This formula-free summary provides a short overview about how PCA (principal component analysis) works for dimension reduction, that is, to select k features (also called variables) among a larger set of n features, with k much smaller than n. This smaller set of k features built with PCA is the best subset of k features, in the sense that it minimizes the variance of the residual noise when fitting data to a linear model. Note that PCA transforms the initial features into new ones, that are linear combinations of the original features.
Steps for PCA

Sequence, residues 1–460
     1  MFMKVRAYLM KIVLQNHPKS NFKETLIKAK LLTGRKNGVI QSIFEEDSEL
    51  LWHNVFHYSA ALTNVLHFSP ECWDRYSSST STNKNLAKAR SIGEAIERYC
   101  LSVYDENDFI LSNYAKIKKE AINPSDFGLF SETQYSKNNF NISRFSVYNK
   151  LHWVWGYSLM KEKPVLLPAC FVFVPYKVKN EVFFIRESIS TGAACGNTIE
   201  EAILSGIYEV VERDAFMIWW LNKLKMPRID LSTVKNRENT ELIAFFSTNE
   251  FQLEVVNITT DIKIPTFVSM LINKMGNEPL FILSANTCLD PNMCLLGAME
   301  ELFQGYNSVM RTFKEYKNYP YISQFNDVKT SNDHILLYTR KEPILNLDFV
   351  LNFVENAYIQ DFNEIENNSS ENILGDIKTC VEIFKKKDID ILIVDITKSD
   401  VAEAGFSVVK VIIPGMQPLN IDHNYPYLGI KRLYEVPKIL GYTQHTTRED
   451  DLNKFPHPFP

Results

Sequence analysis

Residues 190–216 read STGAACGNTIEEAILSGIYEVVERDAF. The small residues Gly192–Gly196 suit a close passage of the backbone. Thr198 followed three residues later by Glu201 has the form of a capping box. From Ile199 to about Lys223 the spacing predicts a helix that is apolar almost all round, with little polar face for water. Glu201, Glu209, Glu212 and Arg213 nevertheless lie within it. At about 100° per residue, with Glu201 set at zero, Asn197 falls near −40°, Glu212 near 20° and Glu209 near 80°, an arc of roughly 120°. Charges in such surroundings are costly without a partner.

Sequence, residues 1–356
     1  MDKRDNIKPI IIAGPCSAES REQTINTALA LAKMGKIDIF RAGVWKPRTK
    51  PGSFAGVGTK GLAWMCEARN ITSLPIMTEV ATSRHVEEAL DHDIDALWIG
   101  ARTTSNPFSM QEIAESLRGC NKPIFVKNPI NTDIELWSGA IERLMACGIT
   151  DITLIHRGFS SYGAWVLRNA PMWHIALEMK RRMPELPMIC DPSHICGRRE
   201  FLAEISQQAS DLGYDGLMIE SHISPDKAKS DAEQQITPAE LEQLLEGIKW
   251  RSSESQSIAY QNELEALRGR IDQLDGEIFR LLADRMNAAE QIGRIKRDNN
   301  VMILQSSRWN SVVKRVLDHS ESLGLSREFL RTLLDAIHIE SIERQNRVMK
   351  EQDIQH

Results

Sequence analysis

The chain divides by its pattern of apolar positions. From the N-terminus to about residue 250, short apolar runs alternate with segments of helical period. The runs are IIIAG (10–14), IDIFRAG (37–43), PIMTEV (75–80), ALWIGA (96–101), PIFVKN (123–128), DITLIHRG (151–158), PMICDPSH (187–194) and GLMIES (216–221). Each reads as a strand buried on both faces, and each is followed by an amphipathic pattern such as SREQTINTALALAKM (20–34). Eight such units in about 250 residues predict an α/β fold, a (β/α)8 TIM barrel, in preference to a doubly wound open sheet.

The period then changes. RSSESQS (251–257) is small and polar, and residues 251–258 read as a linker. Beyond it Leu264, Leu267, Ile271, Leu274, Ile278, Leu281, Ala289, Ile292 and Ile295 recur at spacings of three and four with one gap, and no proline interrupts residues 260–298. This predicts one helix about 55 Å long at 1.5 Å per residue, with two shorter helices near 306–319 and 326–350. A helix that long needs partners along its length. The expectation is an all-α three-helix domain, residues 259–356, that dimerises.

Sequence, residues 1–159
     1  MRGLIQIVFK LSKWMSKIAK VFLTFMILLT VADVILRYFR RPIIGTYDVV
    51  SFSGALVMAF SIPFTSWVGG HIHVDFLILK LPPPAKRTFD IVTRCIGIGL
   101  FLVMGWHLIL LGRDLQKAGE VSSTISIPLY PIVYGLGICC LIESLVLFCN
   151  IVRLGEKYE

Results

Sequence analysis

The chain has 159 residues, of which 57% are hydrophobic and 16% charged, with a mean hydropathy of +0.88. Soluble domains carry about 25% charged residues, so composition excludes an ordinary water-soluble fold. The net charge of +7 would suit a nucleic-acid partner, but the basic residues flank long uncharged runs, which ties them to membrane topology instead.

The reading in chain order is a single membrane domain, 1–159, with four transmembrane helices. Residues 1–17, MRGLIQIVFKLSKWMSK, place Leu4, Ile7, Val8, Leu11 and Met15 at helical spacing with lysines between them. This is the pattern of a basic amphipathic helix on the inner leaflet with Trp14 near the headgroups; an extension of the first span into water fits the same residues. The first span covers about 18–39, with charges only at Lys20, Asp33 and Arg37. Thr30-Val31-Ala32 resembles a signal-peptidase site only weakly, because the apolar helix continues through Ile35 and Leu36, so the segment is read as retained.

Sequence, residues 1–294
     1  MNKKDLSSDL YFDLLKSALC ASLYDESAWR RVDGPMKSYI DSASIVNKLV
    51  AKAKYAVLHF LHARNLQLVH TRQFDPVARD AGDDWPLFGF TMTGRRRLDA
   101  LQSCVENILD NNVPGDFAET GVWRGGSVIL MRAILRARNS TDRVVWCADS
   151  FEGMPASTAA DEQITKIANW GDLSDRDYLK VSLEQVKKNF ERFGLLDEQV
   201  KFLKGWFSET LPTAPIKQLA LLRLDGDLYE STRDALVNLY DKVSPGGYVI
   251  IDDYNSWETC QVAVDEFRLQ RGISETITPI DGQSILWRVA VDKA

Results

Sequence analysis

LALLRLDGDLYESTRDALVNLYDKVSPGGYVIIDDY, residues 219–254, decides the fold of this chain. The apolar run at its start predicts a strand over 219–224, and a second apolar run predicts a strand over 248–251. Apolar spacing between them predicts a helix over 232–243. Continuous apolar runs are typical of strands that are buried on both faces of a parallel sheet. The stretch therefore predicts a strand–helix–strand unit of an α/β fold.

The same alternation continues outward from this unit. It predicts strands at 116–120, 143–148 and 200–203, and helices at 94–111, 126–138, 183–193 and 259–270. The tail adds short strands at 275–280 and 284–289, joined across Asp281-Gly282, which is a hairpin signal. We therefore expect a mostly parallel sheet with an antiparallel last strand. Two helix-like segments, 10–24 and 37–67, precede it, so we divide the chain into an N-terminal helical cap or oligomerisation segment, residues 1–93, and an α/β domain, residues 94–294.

The PCA algorithm proceeds as follows:
The proportion of the variance that each eigenvector represents can be calculated by dividing the eigenvalue corresponding to that eigenvector by the sum of all eigenvalues.
If the original features are highly correlated, the solution will be very unstable. Also the new features are linear combinations of the original features, and thus, may lack interpretation. The data does not need to be multinormal, except if you use this technique for predictive modeling using normal models to compute confidence intervals.
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Click here (Wikipedia) to read the implementation details. This is a very long article, but you can focus on the section entitled Computing PCA using the covariance method.